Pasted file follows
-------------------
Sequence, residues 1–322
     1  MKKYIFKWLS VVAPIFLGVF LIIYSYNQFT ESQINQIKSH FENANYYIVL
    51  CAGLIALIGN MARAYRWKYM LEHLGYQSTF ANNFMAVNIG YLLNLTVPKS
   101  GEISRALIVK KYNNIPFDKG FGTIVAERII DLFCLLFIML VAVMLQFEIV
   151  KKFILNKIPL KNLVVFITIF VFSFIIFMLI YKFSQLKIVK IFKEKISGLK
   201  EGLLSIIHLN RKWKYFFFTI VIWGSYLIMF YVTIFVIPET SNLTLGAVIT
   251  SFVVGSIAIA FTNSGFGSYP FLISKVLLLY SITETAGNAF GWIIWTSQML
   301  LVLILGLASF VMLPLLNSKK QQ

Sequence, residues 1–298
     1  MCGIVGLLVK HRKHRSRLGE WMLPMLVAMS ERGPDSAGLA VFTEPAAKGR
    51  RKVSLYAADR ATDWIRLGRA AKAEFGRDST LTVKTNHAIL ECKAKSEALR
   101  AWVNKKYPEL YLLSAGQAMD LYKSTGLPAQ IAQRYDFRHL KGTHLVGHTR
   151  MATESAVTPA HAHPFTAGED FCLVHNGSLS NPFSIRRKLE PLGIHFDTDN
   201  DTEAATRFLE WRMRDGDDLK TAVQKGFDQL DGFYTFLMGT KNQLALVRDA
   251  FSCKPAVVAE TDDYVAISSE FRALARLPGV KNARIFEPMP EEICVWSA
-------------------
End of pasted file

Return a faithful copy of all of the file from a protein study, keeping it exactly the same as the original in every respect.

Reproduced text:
Sequence, residues 1–322
     1  MKKYIFKWLS VVAPIFLGVF LIIYSYNQFT ESQINQIKSH FENANYYIVL
    51  CAGLIALIGN MARAYRWKYM LEHLGYQSTF ANNFMAVNIG YLLNLTVPKS
   101  GEISRALIVK KYNNIPFDKG FGTIVAERII DLFCLLFIML VAVMLQFEIV
   151  KKFILNKIPL KNLVVFITIF VFSFIIFMLI YKFSQLKIVK IFKEKISGLK
   201  EGLLSIIHLN RKWKYFFFTI VIWGSYLIMF YVTIFVIPET SNLTLGAVIT
   251  SFVVGSIAIA FTNSGFGSYP FLISKVLLLY SITETAGNAF GWIIWTSQML
   301  LVLILGLASF VMLPLLNSKK QQ

Sequence, residues 1–298
     1  MCGIVGLLVK HRKHRSRLGE WMLPMLVAMS ERGPDSAGLA VFTEPAAKGR
    51  RKVSLYAADR ATDWIRLGRA AKAEFGRDST LTVKTNHAIL ECKAKSEALR
   101  AWVNKKYPEL YLLSAGQAMD LYKSTGLPAQ IAQRYDFRHL KGTHLVGHTR
   151  MATESAVTPA HAHPFTAGED FCLVHNGSLS NPFSIRRKLE PLGIHFDTDN
   201  DTEAATRFLE WRMRDGDDLK TAVQKGFDQL DGFYTFLMGT KNQLALVRDA
   251  FSCKPAVVAE TDDYVAISSE FRALARLPGV KNARIFEPMP EEICVWSA